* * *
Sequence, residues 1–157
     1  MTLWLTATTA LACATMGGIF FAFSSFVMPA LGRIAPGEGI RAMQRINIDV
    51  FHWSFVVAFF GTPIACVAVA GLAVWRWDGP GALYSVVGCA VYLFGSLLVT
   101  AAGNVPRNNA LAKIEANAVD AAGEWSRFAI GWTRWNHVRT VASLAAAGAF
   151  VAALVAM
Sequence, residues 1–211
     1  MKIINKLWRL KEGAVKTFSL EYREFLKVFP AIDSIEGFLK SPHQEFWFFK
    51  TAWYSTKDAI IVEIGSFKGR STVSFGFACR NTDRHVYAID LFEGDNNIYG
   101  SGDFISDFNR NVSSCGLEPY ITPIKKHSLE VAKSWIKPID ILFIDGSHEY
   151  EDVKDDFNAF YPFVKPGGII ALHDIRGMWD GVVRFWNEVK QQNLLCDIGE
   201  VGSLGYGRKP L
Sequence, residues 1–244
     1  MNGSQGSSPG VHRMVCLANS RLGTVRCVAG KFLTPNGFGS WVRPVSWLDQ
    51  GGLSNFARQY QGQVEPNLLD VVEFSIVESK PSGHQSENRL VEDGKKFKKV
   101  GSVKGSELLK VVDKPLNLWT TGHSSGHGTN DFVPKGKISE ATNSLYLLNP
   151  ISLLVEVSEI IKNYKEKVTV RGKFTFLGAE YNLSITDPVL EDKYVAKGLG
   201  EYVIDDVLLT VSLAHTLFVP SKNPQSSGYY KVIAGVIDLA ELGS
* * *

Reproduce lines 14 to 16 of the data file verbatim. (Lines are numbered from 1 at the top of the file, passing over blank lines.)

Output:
    51  GGLSNFARQY QGQVEPNLLD VVEFSIVESK PSGHQSENRL VEDGKKFKKV
   101  GSVKGSELLK VVDKPLNLWT TGHSSGHGTN DFVPKGKISE ATNSLYLLNP
   151  ISLLVEVSEI IKNYKEKVTV RGKFTFLGAE YNLSITDPVL EDKYVAKGLG